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AKICOLJ: Portable GPS devices

For the last couple of years, I've been thinking, "One of these days, I'm going to get a GPS." As in the add-on GPS units you can use for directions when driving and at other times, too.

One of these days may turn out to come around this week. Maybe not, but maybe enough that I'm reading online reviews and quickly being overwhelmed by brand and model choices. Please help me, oh LiveJournal. I can't say you're my only hope, but I'm the sort who welcomes opinions, experiences, and insights, especially from geeky friends.

What I know so far:

-- In January, Jim Macdonald effused about his TomTom Go and let me play with it. It's pretty darned spiff.

-- I want a large screen. At least 4.3 inches. 4.7 or 5 inches would be nice. I'd no doubt love 7 inches, but I'm betting it's overkill (and out of my price range).

-- I want a model where I pay for everything upfront. The purchase needs to be a known, 1-time expense, not something that costs more money monthly or quarterly. I've found some TomTom models that include lifetime quarterly map updates as part of the initial purchase price. I haven't yet figured out enough about Garmin or other brands to understand their pricing model(s) for updates.

-- I'm pretty darned price-sensitive. I'm that way by nature these days and birthday money is a large chunk of the GPS budget, such that it is. Under $100 would of course be fab, but $100-180 looks more likely given my feature set and current sale prices. I can go $180-225 for something really grand, but that's pushing it rather a lot.

-- If I understand the term correctly, I want "text-to-speech."

-- I have a strong preference that the speech include street names rather than just distances. ("Turn left Monson Road 100 feet" rather than "Turn left 100 feet.")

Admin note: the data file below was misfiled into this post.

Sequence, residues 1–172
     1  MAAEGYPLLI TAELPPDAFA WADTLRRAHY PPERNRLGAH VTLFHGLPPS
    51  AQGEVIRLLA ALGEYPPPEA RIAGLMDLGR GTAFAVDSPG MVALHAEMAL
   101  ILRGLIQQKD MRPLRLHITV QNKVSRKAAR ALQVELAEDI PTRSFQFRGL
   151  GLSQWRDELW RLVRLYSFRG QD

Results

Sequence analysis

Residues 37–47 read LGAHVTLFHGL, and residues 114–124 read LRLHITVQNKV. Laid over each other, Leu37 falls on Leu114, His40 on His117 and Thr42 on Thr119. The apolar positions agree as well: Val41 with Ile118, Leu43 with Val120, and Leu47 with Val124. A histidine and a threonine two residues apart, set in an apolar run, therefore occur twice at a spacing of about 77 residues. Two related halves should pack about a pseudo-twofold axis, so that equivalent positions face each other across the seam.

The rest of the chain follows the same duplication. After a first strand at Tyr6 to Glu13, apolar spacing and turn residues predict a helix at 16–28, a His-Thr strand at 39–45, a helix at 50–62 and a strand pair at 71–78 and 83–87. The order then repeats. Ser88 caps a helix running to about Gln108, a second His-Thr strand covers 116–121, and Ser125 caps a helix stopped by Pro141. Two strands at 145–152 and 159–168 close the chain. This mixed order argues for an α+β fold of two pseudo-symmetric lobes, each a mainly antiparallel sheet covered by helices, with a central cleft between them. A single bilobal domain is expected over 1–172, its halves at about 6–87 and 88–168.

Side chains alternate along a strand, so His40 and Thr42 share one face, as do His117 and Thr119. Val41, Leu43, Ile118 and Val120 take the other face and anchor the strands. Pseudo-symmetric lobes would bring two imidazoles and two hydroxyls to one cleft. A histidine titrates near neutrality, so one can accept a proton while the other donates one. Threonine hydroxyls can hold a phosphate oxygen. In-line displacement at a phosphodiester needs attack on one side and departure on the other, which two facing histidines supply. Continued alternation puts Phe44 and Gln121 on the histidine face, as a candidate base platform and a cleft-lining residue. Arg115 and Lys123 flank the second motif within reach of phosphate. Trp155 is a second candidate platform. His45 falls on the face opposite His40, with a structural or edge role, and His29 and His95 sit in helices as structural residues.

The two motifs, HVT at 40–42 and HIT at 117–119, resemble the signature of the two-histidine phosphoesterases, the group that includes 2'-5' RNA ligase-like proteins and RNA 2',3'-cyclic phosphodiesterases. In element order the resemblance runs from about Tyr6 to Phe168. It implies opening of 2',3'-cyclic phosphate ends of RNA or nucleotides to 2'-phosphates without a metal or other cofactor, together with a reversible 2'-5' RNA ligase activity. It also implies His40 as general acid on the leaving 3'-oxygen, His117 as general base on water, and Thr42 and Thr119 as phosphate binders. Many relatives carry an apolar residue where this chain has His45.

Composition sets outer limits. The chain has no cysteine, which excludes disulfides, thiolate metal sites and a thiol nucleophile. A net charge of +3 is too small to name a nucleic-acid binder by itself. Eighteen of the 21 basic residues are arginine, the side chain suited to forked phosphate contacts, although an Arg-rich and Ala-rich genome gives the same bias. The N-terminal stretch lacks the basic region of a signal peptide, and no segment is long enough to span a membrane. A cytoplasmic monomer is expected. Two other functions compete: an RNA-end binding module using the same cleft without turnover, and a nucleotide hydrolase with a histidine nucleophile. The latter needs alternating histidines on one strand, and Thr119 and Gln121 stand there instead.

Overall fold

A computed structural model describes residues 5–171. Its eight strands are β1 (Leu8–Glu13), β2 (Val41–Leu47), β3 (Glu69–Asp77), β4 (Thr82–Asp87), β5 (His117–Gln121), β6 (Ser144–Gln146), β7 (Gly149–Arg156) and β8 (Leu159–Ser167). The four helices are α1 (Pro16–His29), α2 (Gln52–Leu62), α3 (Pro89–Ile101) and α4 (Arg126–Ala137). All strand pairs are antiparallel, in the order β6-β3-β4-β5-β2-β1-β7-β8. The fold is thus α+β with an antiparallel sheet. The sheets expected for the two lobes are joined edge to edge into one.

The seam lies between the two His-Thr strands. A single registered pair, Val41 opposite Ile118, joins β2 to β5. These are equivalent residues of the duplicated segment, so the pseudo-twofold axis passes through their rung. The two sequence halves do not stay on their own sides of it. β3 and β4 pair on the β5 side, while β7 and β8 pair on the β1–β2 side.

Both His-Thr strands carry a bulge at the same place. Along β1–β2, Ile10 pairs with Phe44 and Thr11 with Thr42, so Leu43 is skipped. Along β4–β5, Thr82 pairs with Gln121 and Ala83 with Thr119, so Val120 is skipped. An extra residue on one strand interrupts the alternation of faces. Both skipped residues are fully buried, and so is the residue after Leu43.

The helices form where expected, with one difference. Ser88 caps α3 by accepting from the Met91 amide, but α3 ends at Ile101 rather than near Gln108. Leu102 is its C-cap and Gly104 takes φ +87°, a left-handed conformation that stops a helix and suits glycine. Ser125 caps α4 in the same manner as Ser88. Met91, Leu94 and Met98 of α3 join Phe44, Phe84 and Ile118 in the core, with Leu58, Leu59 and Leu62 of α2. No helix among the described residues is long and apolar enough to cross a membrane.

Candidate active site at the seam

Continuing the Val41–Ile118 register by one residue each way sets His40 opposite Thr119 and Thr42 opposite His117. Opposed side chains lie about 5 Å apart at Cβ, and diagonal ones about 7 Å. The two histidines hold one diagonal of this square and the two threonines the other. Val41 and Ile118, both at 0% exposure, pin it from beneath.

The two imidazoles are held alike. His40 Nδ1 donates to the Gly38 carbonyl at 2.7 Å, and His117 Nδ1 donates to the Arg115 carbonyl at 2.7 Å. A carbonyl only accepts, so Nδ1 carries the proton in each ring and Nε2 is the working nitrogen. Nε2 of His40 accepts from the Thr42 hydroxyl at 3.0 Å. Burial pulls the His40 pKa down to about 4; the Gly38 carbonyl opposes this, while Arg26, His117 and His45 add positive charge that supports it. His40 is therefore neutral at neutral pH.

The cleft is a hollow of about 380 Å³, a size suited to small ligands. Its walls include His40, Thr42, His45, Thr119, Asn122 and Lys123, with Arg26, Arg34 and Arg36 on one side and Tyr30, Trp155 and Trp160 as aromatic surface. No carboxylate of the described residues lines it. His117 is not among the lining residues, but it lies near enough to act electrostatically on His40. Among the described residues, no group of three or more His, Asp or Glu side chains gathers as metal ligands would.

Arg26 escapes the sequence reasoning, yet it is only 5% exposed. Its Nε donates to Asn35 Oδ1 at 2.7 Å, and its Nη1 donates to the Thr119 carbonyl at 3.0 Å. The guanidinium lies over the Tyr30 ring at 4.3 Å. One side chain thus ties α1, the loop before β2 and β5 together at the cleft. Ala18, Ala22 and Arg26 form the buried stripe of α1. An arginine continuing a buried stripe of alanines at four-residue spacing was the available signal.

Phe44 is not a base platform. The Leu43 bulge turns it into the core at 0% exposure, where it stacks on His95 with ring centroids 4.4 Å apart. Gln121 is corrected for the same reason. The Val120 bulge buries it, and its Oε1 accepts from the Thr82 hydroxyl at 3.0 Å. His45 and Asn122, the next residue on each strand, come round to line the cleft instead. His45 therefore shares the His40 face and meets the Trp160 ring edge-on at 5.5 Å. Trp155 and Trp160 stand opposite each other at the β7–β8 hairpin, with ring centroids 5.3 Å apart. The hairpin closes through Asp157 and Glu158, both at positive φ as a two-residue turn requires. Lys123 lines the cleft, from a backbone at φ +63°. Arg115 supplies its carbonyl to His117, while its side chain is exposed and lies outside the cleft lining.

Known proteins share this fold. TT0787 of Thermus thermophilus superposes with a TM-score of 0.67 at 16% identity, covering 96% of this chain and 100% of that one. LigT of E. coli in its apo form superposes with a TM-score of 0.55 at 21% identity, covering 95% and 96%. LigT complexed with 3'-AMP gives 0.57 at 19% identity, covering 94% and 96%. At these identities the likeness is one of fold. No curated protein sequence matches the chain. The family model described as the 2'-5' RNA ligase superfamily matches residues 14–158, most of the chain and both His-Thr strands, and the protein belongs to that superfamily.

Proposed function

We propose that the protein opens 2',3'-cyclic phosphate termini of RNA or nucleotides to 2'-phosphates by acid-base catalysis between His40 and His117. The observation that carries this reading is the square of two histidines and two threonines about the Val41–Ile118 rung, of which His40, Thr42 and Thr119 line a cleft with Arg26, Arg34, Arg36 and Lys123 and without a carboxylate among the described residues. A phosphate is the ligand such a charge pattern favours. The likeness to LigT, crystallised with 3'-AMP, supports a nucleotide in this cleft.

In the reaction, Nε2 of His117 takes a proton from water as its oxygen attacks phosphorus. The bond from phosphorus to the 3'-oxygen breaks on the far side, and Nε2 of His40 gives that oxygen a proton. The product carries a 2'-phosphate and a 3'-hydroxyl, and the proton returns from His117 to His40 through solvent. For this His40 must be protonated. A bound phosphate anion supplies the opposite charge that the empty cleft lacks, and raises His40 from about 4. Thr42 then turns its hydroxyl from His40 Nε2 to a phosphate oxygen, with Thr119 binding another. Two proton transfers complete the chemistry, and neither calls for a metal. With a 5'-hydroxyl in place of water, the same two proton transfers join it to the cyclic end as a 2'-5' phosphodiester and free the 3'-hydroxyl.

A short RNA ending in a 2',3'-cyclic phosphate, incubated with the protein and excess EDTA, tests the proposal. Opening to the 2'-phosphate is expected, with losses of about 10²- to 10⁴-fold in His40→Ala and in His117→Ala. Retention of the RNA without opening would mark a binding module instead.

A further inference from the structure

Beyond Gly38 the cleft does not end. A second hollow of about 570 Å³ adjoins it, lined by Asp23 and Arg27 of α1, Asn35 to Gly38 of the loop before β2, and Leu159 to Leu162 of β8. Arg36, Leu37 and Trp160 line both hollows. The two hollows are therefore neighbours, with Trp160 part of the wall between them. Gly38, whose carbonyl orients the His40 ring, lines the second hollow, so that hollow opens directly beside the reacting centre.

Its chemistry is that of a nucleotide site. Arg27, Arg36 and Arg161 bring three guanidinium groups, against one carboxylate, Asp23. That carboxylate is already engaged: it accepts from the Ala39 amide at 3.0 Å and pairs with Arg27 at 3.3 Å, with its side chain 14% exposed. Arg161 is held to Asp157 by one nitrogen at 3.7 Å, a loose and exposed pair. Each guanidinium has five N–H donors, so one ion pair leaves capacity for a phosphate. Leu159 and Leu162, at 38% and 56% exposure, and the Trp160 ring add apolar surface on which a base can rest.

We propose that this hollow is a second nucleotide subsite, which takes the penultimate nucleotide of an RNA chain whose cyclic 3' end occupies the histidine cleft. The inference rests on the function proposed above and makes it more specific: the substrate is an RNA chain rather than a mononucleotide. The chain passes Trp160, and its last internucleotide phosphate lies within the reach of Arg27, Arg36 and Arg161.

-- Traffic updates sound good in theory; I have no idea if they're anything other than useless in practice. Again, some of the TomTom models come with lifetime traffic updates as well as map updates.

-- If it makes a difference, if at all possible, I'll be doing updates from a Mac, not a PC.

-- I expect to use the GPS as a city map/destination finder when I'm out on foot.

For folks who have experience with GPS beasties, what brands and models have you loved, liked, disliked, and/or hated? For what reasons?

Links to useful online review sites also welcome. I've skimmed several. Some are obviously marketing fluff. Others, like GPSreview.net, not so much.

Many thanks! I've wanted a GPS since first experiencing one in a tow truck when I was in England eight years ago. I've needed one ever since moving east, though I've obviously managed one way or another the scores of times I've been lost or otherwise not known where I was and/or how to get where I wanted to go. Ditto that for the times non-moving traffic led me to abandon a highway and set off across the back roads of Connecticut (I know my way around Massachusetts somewhat better and also run into fewer traffic jams here).



( 24 comments — Leave a comment )
Jul. 19th, 2010 06:00 am (UTC)
"I'm reading online reviews and quickly being overwhelmed by brand and model choices."

Just pick one that seems to do what you want, and be done with it. The difference between having Model A and having Model B is much less than the difference between having Model A and not having anything at all.

Jul. 19th, 2010 06:07 am (UTC)
I strongly suggest that you give extra weight to people who respond from your geographic area. The one time we got GPS capability on a rental car in the Boston area, for example (although admittedly it was a crummy stick-to-your-windshield version from Thrifty) the unit was useless on the smaller streets of Boston or near the Olsons' new house - it only worked on the freeway when we didn't need it. (When I returned the car to Thrifty and said that I didn't really want to pay the extra fee for it because it had been useless, the agent said "Well, it was cloudy while you were here" :-> But they did give me a refund!)